From firstname.lastname@example.org Wed Jul 17 10:39:54 1996 Date: Fri, 05 Jul 1996 10:48:41 -0700 (PDT) From: "Dr. Barry Huebert"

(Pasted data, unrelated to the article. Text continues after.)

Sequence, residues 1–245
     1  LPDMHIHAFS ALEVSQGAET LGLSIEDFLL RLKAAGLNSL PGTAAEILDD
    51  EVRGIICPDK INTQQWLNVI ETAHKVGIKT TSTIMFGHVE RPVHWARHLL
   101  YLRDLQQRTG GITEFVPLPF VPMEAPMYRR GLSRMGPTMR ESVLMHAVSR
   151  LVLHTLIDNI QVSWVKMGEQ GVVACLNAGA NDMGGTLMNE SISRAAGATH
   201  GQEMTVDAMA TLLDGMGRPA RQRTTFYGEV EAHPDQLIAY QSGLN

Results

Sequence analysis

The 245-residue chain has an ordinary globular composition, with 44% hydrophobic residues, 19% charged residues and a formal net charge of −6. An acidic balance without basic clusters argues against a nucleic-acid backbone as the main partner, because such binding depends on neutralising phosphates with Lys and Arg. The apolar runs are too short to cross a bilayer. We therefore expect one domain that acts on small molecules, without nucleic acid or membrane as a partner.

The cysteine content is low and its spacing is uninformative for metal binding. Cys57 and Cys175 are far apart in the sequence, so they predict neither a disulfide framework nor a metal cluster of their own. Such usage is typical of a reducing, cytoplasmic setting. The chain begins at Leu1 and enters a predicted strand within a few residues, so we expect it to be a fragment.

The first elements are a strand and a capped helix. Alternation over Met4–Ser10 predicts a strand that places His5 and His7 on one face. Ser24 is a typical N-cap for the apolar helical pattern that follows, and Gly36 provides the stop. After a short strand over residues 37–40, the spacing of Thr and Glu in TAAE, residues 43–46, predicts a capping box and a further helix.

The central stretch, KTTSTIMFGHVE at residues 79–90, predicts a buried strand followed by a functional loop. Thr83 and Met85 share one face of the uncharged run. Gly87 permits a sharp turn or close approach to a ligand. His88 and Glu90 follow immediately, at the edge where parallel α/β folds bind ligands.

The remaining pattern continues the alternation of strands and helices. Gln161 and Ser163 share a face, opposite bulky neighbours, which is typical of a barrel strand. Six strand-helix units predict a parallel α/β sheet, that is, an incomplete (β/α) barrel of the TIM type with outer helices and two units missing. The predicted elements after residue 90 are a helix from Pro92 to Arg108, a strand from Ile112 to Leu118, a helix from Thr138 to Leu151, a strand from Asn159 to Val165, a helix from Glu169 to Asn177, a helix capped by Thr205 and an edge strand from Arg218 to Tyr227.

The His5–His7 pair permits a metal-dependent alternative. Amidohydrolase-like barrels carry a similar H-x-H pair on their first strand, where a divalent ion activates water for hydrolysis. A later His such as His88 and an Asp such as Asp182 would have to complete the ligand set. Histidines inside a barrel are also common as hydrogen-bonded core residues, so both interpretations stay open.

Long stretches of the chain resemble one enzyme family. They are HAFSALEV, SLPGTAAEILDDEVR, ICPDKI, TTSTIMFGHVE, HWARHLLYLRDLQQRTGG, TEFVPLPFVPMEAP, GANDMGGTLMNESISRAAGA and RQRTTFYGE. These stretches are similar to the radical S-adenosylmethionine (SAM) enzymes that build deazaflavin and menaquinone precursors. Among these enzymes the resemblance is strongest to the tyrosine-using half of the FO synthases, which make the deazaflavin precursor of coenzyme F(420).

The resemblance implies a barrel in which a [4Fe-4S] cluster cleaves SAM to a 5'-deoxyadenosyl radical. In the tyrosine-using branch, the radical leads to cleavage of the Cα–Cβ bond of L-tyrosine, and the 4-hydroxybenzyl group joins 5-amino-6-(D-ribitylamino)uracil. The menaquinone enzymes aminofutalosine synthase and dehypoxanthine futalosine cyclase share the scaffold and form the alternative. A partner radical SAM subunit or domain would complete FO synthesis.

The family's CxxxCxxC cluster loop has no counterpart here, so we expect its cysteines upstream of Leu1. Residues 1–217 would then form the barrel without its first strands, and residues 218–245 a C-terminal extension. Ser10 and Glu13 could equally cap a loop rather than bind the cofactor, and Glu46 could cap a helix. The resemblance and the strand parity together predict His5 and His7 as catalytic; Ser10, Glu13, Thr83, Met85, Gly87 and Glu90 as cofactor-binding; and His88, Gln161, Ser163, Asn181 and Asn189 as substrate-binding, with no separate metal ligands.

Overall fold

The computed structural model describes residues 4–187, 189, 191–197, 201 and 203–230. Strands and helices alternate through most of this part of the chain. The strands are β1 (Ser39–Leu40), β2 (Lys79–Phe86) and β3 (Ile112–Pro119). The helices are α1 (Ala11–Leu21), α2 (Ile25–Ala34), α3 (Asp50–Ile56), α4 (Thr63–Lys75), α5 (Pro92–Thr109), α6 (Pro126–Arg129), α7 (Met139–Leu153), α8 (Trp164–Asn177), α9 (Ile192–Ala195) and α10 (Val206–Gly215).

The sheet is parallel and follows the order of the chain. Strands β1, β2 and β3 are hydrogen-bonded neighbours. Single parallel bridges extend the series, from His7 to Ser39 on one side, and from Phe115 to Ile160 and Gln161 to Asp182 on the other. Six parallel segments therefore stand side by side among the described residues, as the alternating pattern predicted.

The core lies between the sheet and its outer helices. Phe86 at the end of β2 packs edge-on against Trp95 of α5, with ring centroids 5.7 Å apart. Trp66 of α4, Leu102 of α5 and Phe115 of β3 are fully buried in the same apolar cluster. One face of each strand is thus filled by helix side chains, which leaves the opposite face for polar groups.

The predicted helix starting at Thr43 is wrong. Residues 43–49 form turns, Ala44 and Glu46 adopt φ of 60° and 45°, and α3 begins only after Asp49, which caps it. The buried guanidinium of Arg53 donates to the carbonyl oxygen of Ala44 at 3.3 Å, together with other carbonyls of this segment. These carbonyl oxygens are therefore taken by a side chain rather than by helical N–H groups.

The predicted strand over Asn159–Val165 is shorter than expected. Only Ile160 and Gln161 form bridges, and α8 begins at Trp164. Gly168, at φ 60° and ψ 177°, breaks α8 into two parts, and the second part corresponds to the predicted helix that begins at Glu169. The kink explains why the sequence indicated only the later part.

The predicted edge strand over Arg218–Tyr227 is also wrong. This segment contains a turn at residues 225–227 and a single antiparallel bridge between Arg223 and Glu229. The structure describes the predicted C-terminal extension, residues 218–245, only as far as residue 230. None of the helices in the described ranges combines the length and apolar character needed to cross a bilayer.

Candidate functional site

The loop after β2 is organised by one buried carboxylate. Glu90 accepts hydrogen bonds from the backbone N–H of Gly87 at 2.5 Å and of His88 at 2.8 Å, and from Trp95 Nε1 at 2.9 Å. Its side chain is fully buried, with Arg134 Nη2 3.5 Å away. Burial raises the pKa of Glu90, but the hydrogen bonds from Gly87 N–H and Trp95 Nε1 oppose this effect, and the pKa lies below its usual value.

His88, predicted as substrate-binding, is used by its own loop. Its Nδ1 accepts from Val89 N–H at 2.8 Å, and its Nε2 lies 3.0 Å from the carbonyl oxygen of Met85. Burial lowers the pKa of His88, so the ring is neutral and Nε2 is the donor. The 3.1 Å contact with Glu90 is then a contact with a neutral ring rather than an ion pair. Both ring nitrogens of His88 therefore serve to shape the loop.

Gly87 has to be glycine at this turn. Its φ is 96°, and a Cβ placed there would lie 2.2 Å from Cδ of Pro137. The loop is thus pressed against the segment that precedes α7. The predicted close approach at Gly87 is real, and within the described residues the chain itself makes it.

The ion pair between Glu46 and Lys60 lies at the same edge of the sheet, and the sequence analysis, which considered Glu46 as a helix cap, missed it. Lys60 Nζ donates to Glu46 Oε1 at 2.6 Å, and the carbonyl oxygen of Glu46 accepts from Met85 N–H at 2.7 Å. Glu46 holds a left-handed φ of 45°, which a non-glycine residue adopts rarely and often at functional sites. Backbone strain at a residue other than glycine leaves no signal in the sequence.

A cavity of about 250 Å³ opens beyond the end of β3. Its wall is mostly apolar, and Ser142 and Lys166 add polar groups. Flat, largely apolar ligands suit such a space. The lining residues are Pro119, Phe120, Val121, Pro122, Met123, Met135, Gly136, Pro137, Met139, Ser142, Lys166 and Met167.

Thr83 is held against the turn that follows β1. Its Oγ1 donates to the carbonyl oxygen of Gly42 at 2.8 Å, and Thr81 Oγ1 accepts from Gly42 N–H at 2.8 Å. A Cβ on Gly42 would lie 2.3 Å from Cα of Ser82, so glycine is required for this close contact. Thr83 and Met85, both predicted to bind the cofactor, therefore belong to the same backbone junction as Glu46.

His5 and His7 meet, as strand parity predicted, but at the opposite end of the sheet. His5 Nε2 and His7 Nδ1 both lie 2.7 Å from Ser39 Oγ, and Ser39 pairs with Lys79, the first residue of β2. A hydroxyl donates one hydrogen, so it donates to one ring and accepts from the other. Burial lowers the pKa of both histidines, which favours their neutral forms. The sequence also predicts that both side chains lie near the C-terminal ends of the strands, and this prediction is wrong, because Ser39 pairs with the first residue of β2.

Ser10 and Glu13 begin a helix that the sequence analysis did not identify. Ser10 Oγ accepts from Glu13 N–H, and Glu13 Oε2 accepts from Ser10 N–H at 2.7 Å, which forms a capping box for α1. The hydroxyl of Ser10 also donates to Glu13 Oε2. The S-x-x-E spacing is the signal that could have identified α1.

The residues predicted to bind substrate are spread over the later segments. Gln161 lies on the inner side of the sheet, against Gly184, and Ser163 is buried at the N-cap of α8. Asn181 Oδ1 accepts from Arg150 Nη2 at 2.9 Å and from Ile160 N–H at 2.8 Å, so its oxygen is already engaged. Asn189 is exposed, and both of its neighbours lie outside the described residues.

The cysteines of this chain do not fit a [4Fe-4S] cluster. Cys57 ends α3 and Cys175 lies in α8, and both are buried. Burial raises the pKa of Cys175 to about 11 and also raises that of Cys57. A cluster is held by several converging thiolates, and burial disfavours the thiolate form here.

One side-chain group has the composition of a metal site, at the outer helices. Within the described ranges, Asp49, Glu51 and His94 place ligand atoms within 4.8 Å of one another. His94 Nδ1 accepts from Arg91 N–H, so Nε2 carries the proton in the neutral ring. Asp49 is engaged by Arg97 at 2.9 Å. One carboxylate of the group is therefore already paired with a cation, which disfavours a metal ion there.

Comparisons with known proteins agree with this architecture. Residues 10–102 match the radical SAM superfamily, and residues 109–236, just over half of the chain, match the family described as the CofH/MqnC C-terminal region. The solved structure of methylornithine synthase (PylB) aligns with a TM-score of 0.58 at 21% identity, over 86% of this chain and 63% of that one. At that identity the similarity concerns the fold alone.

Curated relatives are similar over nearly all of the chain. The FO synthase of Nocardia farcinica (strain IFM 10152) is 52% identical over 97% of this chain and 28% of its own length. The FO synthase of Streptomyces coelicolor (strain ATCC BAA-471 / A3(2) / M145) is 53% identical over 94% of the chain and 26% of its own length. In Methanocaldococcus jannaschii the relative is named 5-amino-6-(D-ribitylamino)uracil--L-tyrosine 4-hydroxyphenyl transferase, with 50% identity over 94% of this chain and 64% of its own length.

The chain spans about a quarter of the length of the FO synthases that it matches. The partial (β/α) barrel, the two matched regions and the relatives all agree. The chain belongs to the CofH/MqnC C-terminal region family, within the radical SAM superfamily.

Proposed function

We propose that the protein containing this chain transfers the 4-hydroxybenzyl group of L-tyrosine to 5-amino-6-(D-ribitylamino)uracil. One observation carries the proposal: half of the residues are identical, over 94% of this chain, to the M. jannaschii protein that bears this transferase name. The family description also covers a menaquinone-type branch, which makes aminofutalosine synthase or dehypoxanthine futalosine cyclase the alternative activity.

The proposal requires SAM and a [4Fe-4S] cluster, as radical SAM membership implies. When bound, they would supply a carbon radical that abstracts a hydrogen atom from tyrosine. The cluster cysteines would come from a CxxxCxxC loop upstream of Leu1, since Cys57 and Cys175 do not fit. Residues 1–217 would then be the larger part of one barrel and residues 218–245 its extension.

To: ACE-1 List Subject: Workgroup report for Lagrangians LAGRANGIAN EXPERIMENTS -B. Huebert, 7/4/96 This group assessed the status of dynamics and chemistry data for Lagrangians A and B, then discussed the ways various groups plan to make use of this data. We identified several papers that people hope to produce. Dynamical data and analyses The analysis of the chemical data depends heavily on understanding the dynamical contexts of the Lagrangian experiments. Several of these analyses, including the calculation of turbulent fluxes, are already completed. Many will appear soon on Qing Wang's home page. A group including Lenschow, Wang, Siems, Businger, and Austin has agreed to prepare two Lagrangian overview papers, similar to what Bretherton produced for ASTEX/MAGE. One would cover the synoptic setting, satellite observations, BL evolution, trajectories, divergence, and the tracking balloons. The other paper will address smaller-scale phenomena including micrometeorology, entrainment, details of mixing, and cloud processes. This nicely-coordinated group plans to have much of that information ready within a few months. In addition to those two papers, Businger and Siems each plan papers comparing their trajectory analyses to the balloon trajectories. Lenschow plans to evaluate the utility of circular patterns for flux, divergence, and entrainment measurements. Russell plans a paper on the information which aerosol microphysical evolution can contribute to understanding BL mixing processes. Jim Moore has agreed to do a paper on the pre-Lagrangian B flight (#23), and what it can tell us about the source of the air and aerosols we followed for the next three flights. Lagrangian B appears to be a very interesting case dynamically, since the tagged air moved from warmer to colder water, in contrast to ASTEX/MAGE and most other evolutionary observations. Wang's initial flux analyses suggest that there was a strong capping inversion at 1400 m during at least flights 24 and 25, which may have prevented any entrainment of FT air. There was virtually no heat flux, so shear dominated the mixing. The Richardson number may be a particularly useful parameter in this situation. While the freedom from entrainment may seem desirable for understanding chemical changes, it was necessarily accompanied by increasing stability of the surface layer, so that noticeable gradients of such species as peroxide were evident. Aerosol chemistry and microphysics also suggest a weak inversion at 500m on these flights. It may be that we cannot use a simple box-model chemical budget approach in this situation due to stable stratification near the surface, and will have to rely on more complex dynamical/chemical models to solve for surface fluxes and chemical conversion rates. Chemical and microphysical data Most of the chemical and microphysical data will be ready for evaluation in the October/November time-frame. Many PI's indicated they will password-protect their data, with the intention of giving the password to virtually anyone who requests it. The intention seems to be that data providers can then have a conversation with potential data users prior to the use of their data. Status: NH3 was not measured on every Lag flight, due to crew-duty limitations. Numbers may be ready by October. NO was done on all Lag flights, and should be ready by August. SO2 and DMS data processing will not resume until October. No Drexel rep attended the workshop, but we hope for Lagrangian data by the end of the year. McMurry's data will be cleaned up by August. Russell has half of the flights done, but wants to look for droplet shatter in her data. It isn't obvious, as it is in some other data sets. Anderson will have completed the microscopic evaluations of the Lagrangians by mid-August Clarke's non-OPC data will be ready in a few months. Eisele's analysis is done, but a final version is not yet ready. Much of Kok's data is done and submitted to the archive. Blake's data is ready. A first draft of Huebert's inorganic impactor data is now in the database. The external sampler was inoperative on Lag B; Lag A data will be submitted by August. The CIT organic filter data may be ready by December, but not in time for AGU. Hudson's CCN spectrometer did not operate on a Friday flight. The remaining flights are being edited now, and should be in the archive in two months. No one knows the status of Valero's TDDR data. The lidar data will be submitted soon, and may be put into a book of images for visual inspection. It will be range-corrected, but not analyzed for layers. Lynn Russell agreed to work with Krista Laursen to learn a relatively complex layer-detecting algorithm, but will only run it on the Lagrangian flights. According to Don Lenschow, it is not a straightforward thing for numerous individuals to run. We need to find a computer-facile individual who will run this algorithm for at least the other flights on which we did Lenschow circles. Some RAF data is being redone. There is quite a lot of concern that we have no reliable data on aircraft altitude, since the radar altimeters were not functional. The pressure-altitude algorithm that RAF routinely applies does not even use airport pressure corrections, so that the altitudes of several flight legs in the present database imply that we flew underwater! Huebert has discussed this issue with Allen Schanot, and we will try to find a suitable way of providing more realistic altitude information, perhaps by using GPS or the lidar to calibrate PALT in each study area. Apparently Krista Laursen is applying attitude corrections to RAF's radiometer data, so that we will have actual upwelling and downwelling radiances in a later version of the dataset. Quite a bit of surface and seawater data from the ships is ready now. This includes DMS and NH3 concentrations and fluxes from Disco. Southern Surveyor data should be ready in two months. Lagrangian analyses Many people expressed desires to use the Lagrangian data. These include: Huebert and many others want to examine the evolution of sulfur chemistry. Davis wants to run a moving-box model. Suhre wants to use a moving-column model, which includes vertical exchange, on H2O2, ozone, and DMS. Huebert wants to evaluate the validity of the Lagrangian observational strategy. To what extent did we study homogeneous airmasses and how well can we represent their chemistry and dynamics with this approach? Wang, Siems, and others want to study BL evolution. Numerous aerosol dynamics modelers (including Russell, Raes, Majeed) want to run models including coagulation, growth, and other microphysical processes. Huebert and Quinn are interested in NH3 fluxes. Blake and others want to look at budgets of organohalides, hydrocarbons, and ozone. (Blake's HC analysis may be more a seasonal investigation than one confined to the Lagrangians.) Russell wants to use the chemical and microphysical data to constrain BL dynamics. Huebert and others want to compare surface fluxes inferred from BL evolution with those derived from surface measurements. It appears that these two sets of Lagrangian observations will be used for testing and improving a wide variety of chemical, microphysical, and dynamical models. ------------------------------------------------------------------------ From email@example.com Wed Jul 17 10:40:03 1996 Date: Fri, 05 Jul 1996 22:44:12 -1000 (HST) From: Tony Clarke To: "Dr. Barry Huebert" Cc: ACE-1 List Subject: Re: Workgroup reports for C-130 and Lagrangians Barry; A small correction to your C-130 report. Actually it is not true that nobody knows the status of the TDDR data (Valero, Bucholtz). As I reported at the meeting and indicated in my "Radiative closure" report, most of the TDDR data apears to be good and it is the expectation of Anthony Bucholtz to have this data in the data set by September. They have been busy on other field campaigns since ACE-1. Also my CN and UCN counter data should be ready in a few weeks. This will consist of files edited for shatter and files with shatter included so that others might evaluate their data (eg. Lynn Russell). Our DMA and OPC data should be out before AGU. Tony